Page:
Sea days teach us some things about Serenity. For one, onboard staff seem, eerily, to know passengers' names. Many are genuinely upset if you try to save them a step. Our cabin steward, Megdalene, is crestfallen when we say no to a turndown. When we relent, Megdalene hums and beams while racing around to fluff pillows and drop off fresh sets of bath salts.
Crystal has one of shipboard's more interesting specialty restaurants, the Japanese-inspired, sushi-serving "Silk Road." But Kathy and I are delighted with the regular dining room and its classic, carefully-prepared meals. Led by an Austrian named Franz, an expert at Crepes Suzette, waiters here have that perfect blend of formality and cheer. And according to our tablemate Dr. Marty Rubenstein of Los Altos, Calif., personal requests are a specialty of the house.
"On a previous cruise," Rubenstein explains, "my wife was telling someone about her recipe for lamb with mustard sauce. The head water overheard this and asked her, 'would you like that?' He jotted a few things down, and disappeared to talk to the chef. Out came an excellent lamb with mustard the next evening."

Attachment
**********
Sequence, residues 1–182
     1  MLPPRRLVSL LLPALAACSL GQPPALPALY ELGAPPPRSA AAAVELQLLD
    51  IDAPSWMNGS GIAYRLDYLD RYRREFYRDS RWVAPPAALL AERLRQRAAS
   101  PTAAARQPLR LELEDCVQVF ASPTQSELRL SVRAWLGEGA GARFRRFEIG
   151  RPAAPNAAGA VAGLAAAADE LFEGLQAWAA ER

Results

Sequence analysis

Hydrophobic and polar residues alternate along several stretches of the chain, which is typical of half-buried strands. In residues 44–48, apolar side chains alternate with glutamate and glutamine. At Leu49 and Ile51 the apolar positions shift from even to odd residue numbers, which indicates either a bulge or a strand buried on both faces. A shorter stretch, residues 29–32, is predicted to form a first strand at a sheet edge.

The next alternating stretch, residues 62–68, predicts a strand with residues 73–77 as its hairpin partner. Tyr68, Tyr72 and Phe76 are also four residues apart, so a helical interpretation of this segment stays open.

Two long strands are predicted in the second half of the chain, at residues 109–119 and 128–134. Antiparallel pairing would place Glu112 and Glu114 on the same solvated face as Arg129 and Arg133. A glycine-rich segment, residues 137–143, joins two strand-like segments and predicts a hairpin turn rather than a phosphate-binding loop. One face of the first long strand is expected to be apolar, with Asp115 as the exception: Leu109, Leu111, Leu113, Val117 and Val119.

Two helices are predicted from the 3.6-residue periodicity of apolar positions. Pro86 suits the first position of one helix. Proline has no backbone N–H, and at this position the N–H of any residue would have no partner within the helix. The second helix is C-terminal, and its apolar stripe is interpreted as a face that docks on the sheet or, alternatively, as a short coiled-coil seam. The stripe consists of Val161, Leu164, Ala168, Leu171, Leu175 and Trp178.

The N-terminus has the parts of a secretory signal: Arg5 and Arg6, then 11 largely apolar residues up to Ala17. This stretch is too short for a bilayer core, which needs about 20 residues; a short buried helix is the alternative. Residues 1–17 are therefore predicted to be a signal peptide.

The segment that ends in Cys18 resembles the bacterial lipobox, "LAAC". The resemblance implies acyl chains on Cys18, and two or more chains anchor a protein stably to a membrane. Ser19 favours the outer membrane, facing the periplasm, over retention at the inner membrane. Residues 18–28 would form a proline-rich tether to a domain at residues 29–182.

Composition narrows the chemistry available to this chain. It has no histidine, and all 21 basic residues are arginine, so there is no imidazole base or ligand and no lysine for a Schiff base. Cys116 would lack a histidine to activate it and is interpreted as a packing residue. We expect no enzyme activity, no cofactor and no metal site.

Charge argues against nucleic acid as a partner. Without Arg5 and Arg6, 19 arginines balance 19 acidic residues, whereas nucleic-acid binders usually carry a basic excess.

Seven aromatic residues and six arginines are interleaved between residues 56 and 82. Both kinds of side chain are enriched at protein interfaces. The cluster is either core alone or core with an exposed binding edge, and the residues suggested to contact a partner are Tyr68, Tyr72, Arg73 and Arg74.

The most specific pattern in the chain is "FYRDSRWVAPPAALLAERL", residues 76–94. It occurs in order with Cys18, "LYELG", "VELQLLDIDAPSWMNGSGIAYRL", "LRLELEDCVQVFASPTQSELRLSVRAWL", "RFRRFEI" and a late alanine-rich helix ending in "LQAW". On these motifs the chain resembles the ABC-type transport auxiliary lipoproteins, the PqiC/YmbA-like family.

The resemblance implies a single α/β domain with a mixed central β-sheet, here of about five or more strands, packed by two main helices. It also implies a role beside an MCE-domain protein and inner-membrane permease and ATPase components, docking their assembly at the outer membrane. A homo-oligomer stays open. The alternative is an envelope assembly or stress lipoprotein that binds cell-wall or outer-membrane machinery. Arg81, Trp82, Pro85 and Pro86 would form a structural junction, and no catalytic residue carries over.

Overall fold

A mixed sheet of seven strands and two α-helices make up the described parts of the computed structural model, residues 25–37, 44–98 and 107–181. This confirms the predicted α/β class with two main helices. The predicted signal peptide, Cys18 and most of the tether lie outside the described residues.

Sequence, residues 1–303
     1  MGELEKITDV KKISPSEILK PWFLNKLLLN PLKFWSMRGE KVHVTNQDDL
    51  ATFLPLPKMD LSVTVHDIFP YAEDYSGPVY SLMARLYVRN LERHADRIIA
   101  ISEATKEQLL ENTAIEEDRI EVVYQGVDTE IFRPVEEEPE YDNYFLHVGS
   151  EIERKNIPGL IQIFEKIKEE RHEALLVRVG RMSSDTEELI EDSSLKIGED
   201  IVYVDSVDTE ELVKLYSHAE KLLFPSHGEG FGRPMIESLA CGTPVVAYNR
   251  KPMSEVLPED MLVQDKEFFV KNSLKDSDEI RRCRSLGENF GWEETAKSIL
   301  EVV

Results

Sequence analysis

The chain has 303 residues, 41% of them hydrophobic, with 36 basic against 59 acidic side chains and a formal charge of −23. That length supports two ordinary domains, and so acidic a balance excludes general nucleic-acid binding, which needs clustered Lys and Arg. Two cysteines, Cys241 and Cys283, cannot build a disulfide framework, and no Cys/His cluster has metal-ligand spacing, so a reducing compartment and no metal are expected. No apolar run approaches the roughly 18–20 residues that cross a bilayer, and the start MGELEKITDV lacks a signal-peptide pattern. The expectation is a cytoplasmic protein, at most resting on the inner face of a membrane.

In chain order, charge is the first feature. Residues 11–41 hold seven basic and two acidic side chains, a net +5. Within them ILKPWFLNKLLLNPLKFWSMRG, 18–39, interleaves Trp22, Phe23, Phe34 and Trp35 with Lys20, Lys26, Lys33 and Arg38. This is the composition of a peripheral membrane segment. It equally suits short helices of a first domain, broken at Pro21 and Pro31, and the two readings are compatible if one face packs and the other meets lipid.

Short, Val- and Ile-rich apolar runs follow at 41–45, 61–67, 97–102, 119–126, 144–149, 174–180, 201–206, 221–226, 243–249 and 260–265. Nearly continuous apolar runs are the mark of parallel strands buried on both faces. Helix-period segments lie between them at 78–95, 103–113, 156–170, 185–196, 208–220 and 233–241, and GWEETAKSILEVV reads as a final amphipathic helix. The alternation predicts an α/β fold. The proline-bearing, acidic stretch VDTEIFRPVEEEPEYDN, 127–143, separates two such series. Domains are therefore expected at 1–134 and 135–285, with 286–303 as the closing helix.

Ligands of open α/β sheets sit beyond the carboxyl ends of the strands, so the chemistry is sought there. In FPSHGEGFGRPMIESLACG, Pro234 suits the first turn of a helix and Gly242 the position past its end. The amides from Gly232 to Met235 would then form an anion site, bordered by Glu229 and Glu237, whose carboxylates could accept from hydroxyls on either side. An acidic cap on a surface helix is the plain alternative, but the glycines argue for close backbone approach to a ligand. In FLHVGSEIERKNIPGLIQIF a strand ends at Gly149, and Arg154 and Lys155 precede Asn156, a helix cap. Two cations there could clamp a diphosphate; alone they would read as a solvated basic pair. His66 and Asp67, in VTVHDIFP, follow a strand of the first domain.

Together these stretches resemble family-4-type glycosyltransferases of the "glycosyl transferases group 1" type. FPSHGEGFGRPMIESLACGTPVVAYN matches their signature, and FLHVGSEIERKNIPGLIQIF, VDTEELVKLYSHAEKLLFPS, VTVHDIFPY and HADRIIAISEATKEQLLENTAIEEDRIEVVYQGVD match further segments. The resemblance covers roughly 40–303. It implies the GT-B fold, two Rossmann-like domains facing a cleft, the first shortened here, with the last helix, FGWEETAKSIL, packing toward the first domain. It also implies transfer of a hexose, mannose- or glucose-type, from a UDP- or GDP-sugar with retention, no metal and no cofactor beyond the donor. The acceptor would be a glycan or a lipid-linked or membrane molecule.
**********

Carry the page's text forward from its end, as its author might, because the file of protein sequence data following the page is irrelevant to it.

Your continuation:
To try and erase our lunches and dinners, we take to circling the deck. We are not alone. "Direction of the Day," instructs a sign on the rail, pointing passengers in a clockwise sweep. Around and around we go -- like hands on a watch.
Among our early stops is Navplion, Greece, a perfect port for this cruise since the fortified town was Venetian for a time and, at a different point, was part of Turkey. Awash in ochre walls and red-tiled roofs, it feels more Italian than Greek. Fishing boats bob in the gentle Aegean chop and coastal pines bend and turn in the breeze.
With its ghost-like former casino and nearly-empty promenade, Constanta, Romania, makes for a much more mysterious day. Kathy is part Romanian, so we make a point to walk deep into the town. There are still some vestiges of its years as an East Bloc outpost -- concrete high-rises and old Soviet cars -- but street-stands and stores are sprouting up. It's a city that's stretching and rubbing its eyes from sleep.